He also suffers from similar skating inefficiencies as Kostenko, which affected his ability to defend rush chances. Unlike his draft peer, he has an otherwise strong aptitude for the play in his own zone, with better awareness of the ice around him and therefore better overall positioning and more of an impact in the transition game.
In close-quarters battles he plays a physical game, leaning on opponents and limiting their space. He may not be able to keep up with players racing down the flanks, but when it’s a matter of a forward trying to get around him near the net, that’s a contest Trudeau wins most of the time.
Overall, there’s a good base of skills to build on, and while he may have been among the older first-year-eligible players in the draft, he has time to work on his weaknesses. Some improvement in his skating technique so he’s not so easily beaten by opposing forwards would be the biggest step for his development.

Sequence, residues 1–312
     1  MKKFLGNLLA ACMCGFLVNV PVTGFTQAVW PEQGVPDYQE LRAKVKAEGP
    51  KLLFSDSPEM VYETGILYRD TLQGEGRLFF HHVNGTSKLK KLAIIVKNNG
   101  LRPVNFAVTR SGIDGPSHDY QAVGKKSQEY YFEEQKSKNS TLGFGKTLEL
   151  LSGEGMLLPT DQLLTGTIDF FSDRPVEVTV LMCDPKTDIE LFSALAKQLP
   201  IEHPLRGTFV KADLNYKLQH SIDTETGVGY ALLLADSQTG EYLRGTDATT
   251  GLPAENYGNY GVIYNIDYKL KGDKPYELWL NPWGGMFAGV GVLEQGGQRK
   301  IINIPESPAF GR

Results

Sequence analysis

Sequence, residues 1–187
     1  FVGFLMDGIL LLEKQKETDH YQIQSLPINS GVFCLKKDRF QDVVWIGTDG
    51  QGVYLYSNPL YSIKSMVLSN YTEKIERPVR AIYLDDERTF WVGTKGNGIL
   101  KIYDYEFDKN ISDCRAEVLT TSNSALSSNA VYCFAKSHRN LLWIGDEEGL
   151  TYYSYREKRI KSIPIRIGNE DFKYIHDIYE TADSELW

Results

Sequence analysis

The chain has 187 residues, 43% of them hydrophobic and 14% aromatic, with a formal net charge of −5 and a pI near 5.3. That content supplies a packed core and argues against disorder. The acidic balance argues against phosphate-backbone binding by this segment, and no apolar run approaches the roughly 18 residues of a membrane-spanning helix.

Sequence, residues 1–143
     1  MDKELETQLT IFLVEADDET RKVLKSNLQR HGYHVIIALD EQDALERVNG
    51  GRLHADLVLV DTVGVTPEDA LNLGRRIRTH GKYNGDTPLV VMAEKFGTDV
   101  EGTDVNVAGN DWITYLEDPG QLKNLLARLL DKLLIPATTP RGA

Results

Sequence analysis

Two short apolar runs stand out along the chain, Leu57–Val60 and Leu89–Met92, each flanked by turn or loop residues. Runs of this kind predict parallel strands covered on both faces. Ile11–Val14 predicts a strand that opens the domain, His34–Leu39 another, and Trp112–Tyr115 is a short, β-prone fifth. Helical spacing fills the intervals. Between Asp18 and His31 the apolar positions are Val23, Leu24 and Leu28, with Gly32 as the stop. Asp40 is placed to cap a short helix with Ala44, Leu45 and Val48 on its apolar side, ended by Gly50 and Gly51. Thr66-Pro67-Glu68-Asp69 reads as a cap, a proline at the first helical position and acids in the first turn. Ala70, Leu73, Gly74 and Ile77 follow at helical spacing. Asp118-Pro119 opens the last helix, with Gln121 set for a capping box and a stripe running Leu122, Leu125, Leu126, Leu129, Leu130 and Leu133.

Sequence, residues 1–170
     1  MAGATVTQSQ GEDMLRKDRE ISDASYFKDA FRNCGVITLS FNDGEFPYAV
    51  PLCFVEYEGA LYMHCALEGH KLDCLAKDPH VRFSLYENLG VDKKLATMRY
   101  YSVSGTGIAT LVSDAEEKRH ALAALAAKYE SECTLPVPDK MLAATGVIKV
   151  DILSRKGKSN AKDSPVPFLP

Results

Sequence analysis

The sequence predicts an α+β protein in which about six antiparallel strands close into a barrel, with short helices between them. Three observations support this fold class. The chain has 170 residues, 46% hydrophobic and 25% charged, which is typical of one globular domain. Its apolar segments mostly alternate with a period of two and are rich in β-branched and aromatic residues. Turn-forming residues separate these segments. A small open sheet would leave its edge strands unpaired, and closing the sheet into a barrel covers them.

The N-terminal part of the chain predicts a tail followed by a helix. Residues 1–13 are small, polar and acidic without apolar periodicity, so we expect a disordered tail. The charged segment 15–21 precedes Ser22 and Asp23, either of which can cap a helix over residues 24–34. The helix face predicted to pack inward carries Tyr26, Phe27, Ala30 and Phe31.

26. Otto Leskinen - LD - 24 - Jokerit (KHL)
Leskinen’s situation was a bit of an odd one for this project. It’s rare that a player who is still young enough to qualify leaves of his own accord to seek an opportunity elsewhere. Despite being named to Montreal’s expanded post-season roster, he signed a two-year deal with Jokerit of the KHL while the Habs’ playoff run was still ongoing. Montreal extended him a qualifying offer this summer to retain his rights, which keeps him on their reserve list.
He was one of the best defencemen on the team over his two seasons in the AHL, with 39 points in 85 games. He got a well-deserved five-game call-up in 2019-20, but played just one NHL game last year. He clearly felt he’d be better served by playing in the KHL, and perhaps building his momentum for another run at the NHL when that contract expires.
His talent was clear from the moment he was signed by Montreal, and he had a spot within the Top 25 in the past two years, debuting at 22 back in 2019.
Despite the departure, he still showed at least NHL replacement-level ability in his time with the organization. He adjusted to the pace of the North American game from his first year to his second, with his AHL penalty minutes dropping from 57 in 52 games in 2019-20 down to just 12 in 33 matches in 2020-21. He was one of the key players on a very structured Laval Rocket team that flirted with the AHL’s regular-season title.